Minoxidil stimulates mouse vibrissae follicles in organ culture - PubMed (nih.gov)

My best guess is that minoxidil interacts with some chemicals in the hair follicles something something, and through some kind of reaction beneficial growth factors are increased. Something like that.

Here is an interesting hypothesis:

Minoxidil-induced hair growth is mediated by adenosine in cultured dermal papilla cells: possible involvement of sulfonylurea receptor 2B as a target of minoxidil - PubMed (nih.gov)

I think minoxidil works topically different than what it does orally. Oral minoxidil can effect vascular stiffness while unless massive doses of topical minoxidil is used it probably won't do that.

minoxidil orally has been shown to work for "permanent" chemo damage while orally does not. They are two different animals and topical and oral may be synergistic.
 

OtyMac

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Any reason why minoxidil is the only blood flow medication that causes hypertrichosis when there are more effective blood flow medications that have since super seeded it yet have no effect on hair follicles?

Also according to several medical sources hair loss is not a listed symptom of Temporal Arteritis (Giant Cell Arteritis), so I'm not sure where you got the idea that 100 out of 100 experience it.

100 out of 100 is in the study...but you will have to click to get the full study not the abstract. 100 out of 100 grinds to dust the myth of loss of blood flow is "no big deal" in Androgenetic Alopecia.

Giant cell arteritis is different than an occluded superior temporal artery. Also, a 16 year old girl experienced frontal-bitemporal balding with a rare disease that blocks the STA.

I also put together a portfolio of pictures of those with giant cell arteritis which I think is distinctly different than male pattern baldness as only the temporal area and eyes are involved.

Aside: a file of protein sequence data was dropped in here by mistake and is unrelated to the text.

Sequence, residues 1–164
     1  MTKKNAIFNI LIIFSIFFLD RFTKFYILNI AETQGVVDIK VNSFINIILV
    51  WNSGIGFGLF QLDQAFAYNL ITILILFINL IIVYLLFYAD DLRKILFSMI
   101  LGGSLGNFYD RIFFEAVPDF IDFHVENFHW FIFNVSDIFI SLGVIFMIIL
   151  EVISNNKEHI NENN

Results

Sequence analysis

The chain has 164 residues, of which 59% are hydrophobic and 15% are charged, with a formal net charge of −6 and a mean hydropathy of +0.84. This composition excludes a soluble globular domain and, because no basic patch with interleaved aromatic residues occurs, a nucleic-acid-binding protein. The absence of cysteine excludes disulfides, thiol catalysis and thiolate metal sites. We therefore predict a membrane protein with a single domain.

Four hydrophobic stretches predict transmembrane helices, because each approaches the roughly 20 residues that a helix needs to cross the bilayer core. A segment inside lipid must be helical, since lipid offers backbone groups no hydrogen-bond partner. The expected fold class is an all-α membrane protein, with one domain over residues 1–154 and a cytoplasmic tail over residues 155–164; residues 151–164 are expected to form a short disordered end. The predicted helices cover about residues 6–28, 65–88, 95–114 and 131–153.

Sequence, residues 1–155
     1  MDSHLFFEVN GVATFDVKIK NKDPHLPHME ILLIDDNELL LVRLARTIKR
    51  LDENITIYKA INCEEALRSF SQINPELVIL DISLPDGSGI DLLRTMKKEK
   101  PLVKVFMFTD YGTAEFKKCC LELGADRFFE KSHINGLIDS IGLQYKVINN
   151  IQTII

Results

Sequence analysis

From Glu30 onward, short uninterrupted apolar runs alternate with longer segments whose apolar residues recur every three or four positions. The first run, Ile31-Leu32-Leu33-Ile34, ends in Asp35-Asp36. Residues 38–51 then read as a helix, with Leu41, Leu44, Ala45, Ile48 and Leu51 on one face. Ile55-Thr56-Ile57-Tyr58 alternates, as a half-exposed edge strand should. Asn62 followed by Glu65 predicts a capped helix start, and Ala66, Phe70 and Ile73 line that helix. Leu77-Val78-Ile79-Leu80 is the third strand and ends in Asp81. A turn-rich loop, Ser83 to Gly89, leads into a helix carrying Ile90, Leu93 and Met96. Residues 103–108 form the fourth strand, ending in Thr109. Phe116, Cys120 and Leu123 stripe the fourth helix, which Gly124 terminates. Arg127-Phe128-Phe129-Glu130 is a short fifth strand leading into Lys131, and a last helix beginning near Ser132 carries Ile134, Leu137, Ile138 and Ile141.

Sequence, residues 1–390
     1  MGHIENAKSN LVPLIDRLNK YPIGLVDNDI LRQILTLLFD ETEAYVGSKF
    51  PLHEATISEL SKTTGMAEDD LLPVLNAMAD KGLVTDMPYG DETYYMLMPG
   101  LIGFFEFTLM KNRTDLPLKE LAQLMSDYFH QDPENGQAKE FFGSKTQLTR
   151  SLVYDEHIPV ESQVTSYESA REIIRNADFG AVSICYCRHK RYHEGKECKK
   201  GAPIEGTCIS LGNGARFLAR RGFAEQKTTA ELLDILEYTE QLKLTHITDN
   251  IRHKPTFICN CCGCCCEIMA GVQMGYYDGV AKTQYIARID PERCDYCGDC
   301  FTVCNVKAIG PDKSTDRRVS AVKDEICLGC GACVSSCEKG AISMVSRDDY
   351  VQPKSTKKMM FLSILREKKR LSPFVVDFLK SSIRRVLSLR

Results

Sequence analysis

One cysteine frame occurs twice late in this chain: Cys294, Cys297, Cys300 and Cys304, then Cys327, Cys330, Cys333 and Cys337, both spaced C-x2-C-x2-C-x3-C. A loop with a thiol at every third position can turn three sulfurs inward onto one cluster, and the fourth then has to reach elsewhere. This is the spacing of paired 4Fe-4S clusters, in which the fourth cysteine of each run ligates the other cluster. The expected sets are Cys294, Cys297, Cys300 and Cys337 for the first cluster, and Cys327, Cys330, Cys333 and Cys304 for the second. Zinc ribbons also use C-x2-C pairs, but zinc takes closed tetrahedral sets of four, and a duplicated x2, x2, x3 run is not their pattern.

LOOK TO THE RIGHT AT ____JUVENILE___ temporal arteritis:



This is a picture of a 65 year old woman:


.

12 year old girl balding:



some links are links within links and tough to separate out but the main link will lead to all these I saw.


I would take that bet everyday 24/7/365 if a person has giant cell arteritis they will likely be balding in the temporal area AT A MINIMUM.
 
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BetaBoy

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I think minoxidil works topically different than what it does orally. Oral minoxidil can effect vascular stiffness while unless massive doses of topical minoxidil is used it probably won't do that.

minoxidil orally has been shown to work for "permanent" chemo damage while orally does not. They are two different animals and topical and oral may be synergistic.
If you applied minoxidil sulphate to your scalp you would feel the same systemic effects as oral minoxidil. The MoA of topical and oral is identical.
 

BetaBoy

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100 out of 100 is in the study...but you will have to click to get the full study not the abstract. 100 out of 100 grinds to dust the myth of loss of blood flow is "no big deal" in Androgenetic Alopecia.